Despite all of this, Gibbs is still going after Ak, and even took to Instagram with a humorous freestyle that pokes fun at the suspended Complex host. As you can see in the video below, Gibbs clowns Akademiks for his “hip-hop African-Americans” line that was yelled out to his Twitch followers. Gibbs then goes on to say he will “squeeze them titties” the next time he sees Akademiks in person.
Some of Gibbs’ friends in the studio can be heard laughing throughout the freestyle, and his smile suggests it’s all in good fun. If you’re a Gibbs fan, you know he can be a huge troll on social media, so this Akademiks beef has given him the perfect opportunity to showcase his hilarious personality.
Perhaps we will see this freestyle hit streaming services soon. One can only hope.
Pop Smoke’s posthumous album “Shoot For The Stars, Aim For The Moon” has arrived, revealing the scope of the young rapper’s versatility.
Pop Smoke might not have been known for his cutting edge bars, but his presence on wax imbued even his simplest lines with gravitas. His gravelly baritone played a pivotal role in that regard, his voice immediately standing out as one of hip-hop’s most distinctive. It also proved surprisingly versatile, capable of uttering a threat in one moment and crooning with surprising emotional depth in another. Perhaps that’s why Pop Smoke was held in such high esteem; considering the fact he was only twenty when he passed away, it’s almost impossible not to dwell on his lost potential.
Today, 50 Cent and Steven Victor put forth Shoot For The Stars, Aim For The Moon, Pop Smoke’s first posthumous album and newest release since Meet The Woo 2 dropped on February 7th. As is often the case, lyrics seemingly predicting a rapper’s own death take on deeper significance when that fateful day actually occurs. Though introductory cut “Bad Bitch From Tokyo” might suggest a different picture, Pop’s verse does feature one of the album’s heavier lines, all things considered. While he doesn’t exactly reflect any further on this encounter, it remains evocative in the mental images it conjures.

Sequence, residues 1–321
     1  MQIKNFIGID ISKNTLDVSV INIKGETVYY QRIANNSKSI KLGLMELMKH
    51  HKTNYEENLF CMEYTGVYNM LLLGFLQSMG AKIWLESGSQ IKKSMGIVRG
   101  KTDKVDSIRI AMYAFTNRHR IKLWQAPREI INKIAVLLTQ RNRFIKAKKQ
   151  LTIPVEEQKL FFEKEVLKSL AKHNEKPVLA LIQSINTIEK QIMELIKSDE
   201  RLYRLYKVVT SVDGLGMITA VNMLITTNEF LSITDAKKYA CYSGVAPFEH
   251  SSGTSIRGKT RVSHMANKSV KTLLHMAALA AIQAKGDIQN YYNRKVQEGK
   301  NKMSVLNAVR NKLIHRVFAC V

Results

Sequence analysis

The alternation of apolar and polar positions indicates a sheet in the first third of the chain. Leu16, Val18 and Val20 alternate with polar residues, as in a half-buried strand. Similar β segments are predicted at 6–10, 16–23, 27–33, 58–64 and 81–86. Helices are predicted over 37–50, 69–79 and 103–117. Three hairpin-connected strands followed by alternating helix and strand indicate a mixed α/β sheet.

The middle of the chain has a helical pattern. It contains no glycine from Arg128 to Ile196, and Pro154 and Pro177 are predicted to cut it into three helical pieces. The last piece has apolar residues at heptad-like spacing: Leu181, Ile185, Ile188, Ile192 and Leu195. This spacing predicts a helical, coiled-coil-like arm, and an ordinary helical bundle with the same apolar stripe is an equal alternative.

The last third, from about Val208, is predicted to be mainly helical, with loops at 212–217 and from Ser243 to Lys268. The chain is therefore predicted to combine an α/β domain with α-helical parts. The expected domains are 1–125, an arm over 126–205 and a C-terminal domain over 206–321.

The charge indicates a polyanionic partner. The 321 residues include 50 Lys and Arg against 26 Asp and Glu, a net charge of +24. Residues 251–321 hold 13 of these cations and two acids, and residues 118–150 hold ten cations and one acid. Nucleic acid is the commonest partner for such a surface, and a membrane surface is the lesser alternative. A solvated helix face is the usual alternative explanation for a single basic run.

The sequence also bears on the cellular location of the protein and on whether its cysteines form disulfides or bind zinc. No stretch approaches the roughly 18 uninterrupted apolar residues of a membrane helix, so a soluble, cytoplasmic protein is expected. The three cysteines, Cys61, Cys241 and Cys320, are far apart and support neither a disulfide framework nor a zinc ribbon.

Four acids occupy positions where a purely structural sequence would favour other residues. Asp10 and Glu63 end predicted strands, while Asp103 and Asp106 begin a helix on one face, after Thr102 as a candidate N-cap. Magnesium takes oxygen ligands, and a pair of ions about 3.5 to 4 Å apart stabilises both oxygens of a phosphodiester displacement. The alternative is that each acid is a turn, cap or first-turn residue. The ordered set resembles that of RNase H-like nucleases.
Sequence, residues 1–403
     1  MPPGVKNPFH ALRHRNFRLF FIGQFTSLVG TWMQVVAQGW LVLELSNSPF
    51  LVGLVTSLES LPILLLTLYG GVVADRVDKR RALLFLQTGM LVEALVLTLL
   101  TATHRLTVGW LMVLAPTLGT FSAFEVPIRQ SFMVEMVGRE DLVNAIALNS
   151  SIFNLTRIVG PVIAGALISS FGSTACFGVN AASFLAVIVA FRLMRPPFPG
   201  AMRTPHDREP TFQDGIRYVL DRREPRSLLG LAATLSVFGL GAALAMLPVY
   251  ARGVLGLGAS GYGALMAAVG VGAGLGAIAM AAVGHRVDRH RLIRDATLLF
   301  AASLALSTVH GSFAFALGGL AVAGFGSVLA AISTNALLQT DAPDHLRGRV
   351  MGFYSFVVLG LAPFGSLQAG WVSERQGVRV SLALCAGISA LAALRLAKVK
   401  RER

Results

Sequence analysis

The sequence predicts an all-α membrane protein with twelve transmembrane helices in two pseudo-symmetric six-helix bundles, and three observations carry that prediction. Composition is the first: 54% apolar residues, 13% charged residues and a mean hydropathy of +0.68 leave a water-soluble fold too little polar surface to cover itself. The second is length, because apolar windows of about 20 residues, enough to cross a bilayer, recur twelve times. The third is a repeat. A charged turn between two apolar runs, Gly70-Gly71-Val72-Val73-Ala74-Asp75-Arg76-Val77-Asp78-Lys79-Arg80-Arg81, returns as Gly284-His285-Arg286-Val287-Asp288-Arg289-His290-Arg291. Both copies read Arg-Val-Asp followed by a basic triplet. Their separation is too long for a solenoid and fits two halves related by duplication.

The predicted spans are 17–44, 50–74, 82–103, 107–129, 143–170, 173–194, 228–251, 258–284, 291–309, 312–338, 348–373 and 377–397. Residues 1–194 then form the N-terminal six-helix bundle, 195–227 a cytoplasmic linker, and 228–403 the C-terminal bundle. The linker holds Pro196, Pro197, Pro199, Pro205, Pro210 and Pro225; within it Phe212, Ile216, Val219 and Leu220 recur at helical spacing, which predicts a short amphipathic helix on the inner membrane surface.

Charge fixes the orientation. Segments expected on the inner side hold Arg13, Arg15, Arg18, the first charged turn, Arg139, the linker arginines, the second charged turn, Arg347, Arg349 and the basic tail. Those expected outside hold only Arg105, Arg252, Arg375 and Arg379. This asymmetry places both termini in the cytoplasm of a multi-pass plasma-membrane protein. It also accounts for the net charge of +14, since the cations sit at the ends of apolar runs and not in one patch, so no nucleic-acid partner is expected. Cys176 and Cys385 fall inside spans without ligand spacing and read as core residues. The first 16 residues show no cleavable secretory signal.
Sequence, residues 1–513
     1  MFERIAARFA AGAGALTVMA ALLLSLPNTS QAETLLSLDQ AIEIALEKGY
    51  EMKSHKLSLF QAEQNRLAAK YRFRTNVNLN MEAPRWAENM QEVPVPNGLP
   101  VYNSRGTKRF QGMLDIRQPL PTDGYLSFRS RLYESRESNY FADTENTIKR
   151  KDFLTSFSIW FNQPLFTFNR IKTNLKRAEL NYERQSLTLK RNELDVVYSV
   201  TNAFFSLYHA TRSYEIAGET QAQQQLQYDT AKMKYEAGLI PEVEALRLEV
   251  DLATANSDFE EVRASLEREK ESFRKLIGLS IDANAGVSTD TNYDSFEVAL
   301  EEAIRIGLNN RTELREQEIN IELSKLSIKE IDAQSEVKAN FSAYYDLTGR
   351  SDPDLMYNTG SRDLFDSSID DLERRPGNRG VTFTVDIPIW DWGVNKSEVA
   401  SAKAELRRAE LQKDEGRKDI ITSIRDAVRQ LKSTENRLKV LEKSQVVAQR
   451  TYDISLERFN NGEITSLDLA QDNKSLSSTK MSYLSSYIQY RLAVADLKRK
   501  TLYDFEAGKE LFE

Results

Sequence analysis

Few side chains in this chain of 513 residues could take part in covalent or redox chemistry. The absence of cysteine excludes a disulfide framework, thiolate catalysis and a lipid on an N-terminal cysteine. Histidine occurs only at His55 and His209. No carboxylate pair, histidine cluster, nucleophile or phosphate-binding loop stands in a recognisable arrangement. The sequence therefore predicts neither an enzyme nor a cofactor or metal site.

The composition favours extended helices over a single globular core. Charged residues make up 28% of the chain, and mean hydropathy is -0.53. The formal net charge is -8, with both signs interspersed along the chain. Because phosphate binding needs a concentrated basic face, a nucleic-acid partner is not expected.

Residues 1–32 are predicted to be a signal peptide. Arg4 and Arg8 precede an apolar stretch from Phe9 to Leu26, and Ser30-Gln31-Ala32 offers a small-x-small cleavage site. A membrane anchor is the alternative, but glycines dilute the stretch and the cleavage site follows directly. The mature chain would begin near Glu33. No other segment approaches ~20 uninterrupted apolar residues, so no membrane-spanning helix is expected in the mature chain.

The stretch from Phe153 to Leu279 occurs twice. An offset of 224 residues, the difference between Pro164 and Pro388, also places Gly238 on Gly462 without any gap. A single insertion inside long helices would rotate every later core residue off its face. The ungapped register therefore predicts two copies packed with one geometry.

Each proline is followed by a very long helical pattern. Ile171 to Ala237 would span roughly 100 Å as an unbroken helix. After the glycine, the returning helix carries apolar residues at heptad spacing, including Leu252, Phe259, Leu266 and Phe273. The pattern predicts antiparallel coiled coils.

I looked my killer in his eyes, yeah, I’m talkin’ face-to-face My n***a killer caught a body, took it to trial and beat the case My n***a walked out of court, ha, then hopped in a Wraith
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In life, Pop Smoke was a man who knew what he wanted. He had vices, to be sure, but he enjoyed unapologetically reveling in them. Women are kept at an arm’s length emotionally speaking, but like any young bachelor in the rap game, Pop Smoke makes sure to keep himself satiated. As he proves on both “Aim For The Moon” and the following track “For The Night,” the fantasies he’s willing to provide have an expiration date.
She wanna Netflix and chill, fuck off the pill Go in the store, shop at Dior Come to my crib, take all my shirts Pop all my Percs and sleep in my drawers You talkin’ too much, baby, pour up a four We both bust a nut, now leave me alone
If I call you bae, you bae for the day Or a bae for the night, you not my wife She want a killer to fuck all night
Never one to let his guard down, Pop Smoke made sure to keep his enemies on their toes, often taking to dark and brooding drill bangers like “Gangstas” to emphasize his point. Tending to take a direct approach, Pop shrugs off his opposition as simply less than, confident in his prowess in the booth, the streets, and to use his appropriate lingo, wooing the damsels.
Ni**as talkin’ bout they guns, but never shot shit Might as well put a cap on it, all over with a chopstick Run up and I’m branding them, take a n*** shoppin’ Reach and I’m branching it ’cause I don’t know who watchin’ It’s a Ginger Ale and Henny day, eased up on the crème brûlée